Our Raptors

MEET OUR RAPTOR AMBASSADORS

Blackland Prairie Raptor Center’s education birds of prey are the highlight of our outreach programming. Their purpose is to inspire our audiences to think about and actively participate in helping preserve raptors and the environment for generations to come.

Though these education ambassadors have been given names, we must respect them as wild animals. In many cases these birds will be with us for many years, and since we have more than one bird per species, we attempt to give them names that are derived from a bird’s actions or a reference to the natural history of that species. As you read their stories, remember that these birds began their lives as wild creatures and came to us after humans had a negative impact on them. It must be stressed that the birds of Blackland Prairie Raptor Center are and always will remain wild birds of prey, not pets.

All of our raptor ambassadors have come to BPRC with circumstances that make them non-releasable. Due to their injuries or conditions, they would not be able to survive on their own in the wild. They have become the ambassadors for all wild birds of prey by educating the public about the issues concerning their future.

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Pippin

Pippin

Pippin’ – Red-shouldered Hawk

The story of Pippin is unfortunately a common one. In 2003, he was found flying around a neighborhood acting abnormal for a wild hawk. When approached, he actually landed on the roof of a car begging for food. He is an ‘imprint’ which somebody raised and released thinking they had saved the bird’s life. But Pippin was found almost starved to death, not knowing how to hunt. Fortunately, he has become a wonderful education ambassador with BPRC.

Hunter

Hunter

‘Hunter’ – Great Horned Owl

Hunter is a human imprint that had been doing programs at another raptor education facility. He was found as a baby in 2003 and was transferred to BPRC in the fall of 2007.

Willie - Our Barn Owl

Willie

‘Willie’ – Common Barn Owl

Willie was found on the ground in the spring of 2002 in Dallas. The person who found her thought she needed help and took her home to raise her. Unfortunately, she was fed cat food as she developed which caused a lack of calcium in her diet, her bones became brittle and fractures occurred in her right wing. This made her only partially flighted. Additionally, she became ‘imprinted’ on humans and now relies on them for her care.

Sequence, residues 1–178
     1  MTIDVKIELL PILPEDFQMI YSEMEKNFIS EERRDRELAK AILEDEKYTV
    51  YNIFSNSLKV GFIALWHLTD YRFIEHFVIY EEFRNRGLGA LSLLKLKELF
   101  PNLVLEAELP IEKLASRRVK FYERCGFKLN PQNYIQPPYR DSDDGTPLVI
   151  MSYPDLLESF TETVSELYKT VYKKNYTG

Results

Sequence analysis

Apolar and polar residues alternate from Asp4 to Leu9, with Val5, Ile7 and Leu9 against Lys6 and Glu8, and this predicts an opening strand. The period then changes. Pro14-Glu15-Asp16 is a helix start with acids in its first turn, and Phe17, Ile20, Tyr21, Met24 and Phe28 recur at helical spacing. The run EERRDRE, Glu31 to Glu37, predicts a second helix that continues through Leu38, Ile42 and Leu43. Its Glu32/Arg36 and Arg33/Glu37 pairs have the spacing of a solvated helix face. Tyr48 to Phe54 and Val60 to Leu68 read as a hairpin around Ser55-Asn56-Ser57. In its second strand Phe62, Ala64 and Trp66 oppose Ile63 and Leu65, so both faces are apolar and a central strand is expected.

Sweetpea

Sweetpea

SweetPea’ – Eastern Screech Owl (Gray-phase)

SweetPea hatched in the spring of 2003, was found by a family and taken home. She was kept in a rabbit cage and fed hamburger meat. The family realized it was illegal to have her and took to the appropriate authorities. She was found to be in good condition, but as an ‘imprint’ she was non-releasable and transferred to BPRC in August 2004 as an education ambassador. In Texas we have gray and red phases of Screech Owls, she is a gray-phased owl.

 

‘Zeus’ – Red-tailed Hawk

Zeus was found near San Antonio. He had been electrocuted though we don’t know the circumstances behind it. Unfortunately his left wing at the wrist was severely damaged and the end of it fell off. Since he was non-releasable due to her injury, he was transferred to BPRC in 2015.

Xena

Xena

‘Xena’ – Peregrine Falcon
Xena was hatched in 2001 and raised in captivity. She was used in a breeding program for many years. Afterwards an attempt was made to work her as a falconry bird, but she didn’t do very well and was transfered to BPRC in 2012.

Orion

Orion

‘Orion’ – Red-tailed Hawk

Orion was found by the side of the road unable to fly. He was taken to a raptor rehabilitator who discovered he had two broken wings. Unfortunately they could not be repaired well enough for him to be released. He was transferred to BPRC in late 2009 and has settled in well meeting the public.

Beaker

Beaker

‘Beaker’ – Barred Owl

Beaker was found in 2009 with numerous primary (flight) feathers missing from his left wing. There did not seem to be any other injuries that puzzled veterinarians and rehabbers alike. Beaker was kept in rehabilitation to see if new feathers would grow, and they never did. He was transferred to BPRC in 2010 and is quite the crowd pleaser.

MIKI

MIKI

‘MIKI’ – Mississippi Kite

MIKI was transferred to BPRC in 2009 from another education facility and was a year old at that time. It is an imprint and has malformed wings as well so it has a hard time flying. We do not know whether it is male or female. MIKI is a very calm bird, about the size of a pigeon, and has molted into its adult plumage which is light and dark gray. At some time in the future its eyes will change to a pretty raspberry red color.

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